Top Hewlett Packard executives might be confused about whether pretexting is illegal, but two phone companies aren’t. Verizon Wireless and Cingular Wireless filed lawsuits Friday against investigators hired by HP, alleging they used fraud to obtain billing records in a probe of boardroom leaks. Pretexting is when an investigator poses as a phone company customer and tricks the company into providing customer records. The pretexter ususally needs the Social Security number of the victim. Verizon’s suit, filed in New Jersey, seeks an order that immediately stops investigators from pretexting, according to Bloomberg news. Verizon claimed in its suit that the investigators “used fraud, trickery, and deceit to access confidential customer information.”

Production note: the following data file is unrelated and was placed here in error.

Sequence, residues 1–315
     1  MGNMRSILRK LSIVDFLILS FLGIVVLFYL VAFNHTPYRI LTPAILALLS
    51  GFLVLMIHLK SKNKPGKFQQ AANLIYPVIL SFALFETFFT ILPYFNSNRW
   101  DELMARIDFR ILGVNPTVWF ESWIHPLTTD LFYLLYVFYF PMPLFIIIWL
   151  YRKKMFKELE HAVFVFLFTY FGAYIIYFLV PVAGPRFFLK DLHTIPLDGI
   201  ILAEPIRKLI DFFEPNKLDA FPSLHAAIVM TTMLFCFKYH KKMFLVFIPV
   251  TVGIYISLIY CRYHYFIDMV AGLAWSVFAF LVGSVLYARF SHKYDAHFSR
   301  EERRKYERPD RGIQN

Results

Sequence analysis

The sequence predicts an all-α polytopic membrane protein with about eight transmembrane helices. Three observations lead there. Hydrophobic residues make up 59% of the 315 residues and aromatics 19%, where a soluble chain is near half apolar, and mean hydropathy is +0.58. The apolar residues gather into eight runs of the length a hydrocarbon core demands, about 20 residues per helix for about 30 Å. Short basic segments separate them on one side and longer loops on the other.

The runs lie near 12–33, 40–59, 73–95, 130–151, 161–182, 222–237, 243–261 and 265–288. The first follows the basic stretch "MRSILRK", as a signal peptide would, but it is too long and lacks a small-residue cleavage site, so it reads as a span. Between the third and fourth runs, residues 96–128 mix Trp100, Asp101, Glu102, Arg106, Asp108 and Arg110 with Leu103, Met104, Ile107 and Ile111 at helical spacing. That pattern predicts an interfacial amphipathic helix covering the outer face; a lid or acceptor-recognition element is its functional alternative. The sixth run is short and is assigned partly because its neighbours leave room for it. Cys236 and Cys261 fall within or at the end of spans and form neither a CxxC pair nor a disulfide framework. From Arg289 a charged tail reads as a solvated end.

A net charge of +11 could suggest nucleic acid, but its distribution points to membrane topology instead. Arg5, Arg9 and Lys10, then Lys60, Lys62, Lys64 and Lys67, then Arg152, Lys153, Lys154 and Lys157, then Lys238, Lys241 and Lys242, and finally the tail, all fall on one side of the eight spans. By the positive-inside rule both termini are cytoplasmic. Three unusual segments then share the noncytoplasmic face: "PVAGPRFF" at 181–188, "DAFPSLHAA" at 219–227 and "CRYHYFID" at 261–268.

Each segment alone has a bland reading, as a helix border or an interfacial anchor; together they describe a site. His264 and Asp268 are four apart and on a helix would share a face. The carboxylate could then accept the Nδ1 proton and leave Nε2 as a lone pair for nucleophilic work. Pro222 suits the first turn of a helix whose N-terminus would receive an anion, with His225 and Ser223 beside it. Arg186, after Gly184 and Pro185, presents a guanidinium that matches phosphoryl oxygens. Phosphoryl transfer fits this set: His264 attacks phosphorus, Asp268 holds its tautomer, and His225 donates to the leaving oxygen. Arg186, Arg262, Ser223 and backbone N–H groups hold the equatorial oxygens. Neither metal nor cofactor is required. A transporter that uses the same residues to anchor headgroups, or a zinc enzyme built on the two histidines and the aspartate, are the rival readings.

Named as defendants in the Cingular suit are rivate detective Charles Kelly and his Carrollton, Ga., firm, CAS Agency Inc. They are accused of fraudulently obtaining phone records of a Cnet.com reporter and providing them to HP. Verizon’s suit doesn’t name any defendants at this time, but will likely be amended as more information surfaces. Press reports say HP’s investigators included, in addition to Kelly, Joe Depante of Action Research; Ron DeLia of Security Outsourcing Solutions; Darren Brost, Brian Wagner, Valerie Preston of InSearchOf Investigations; and Cassandra Selvage of Eye in the Sky Investigations.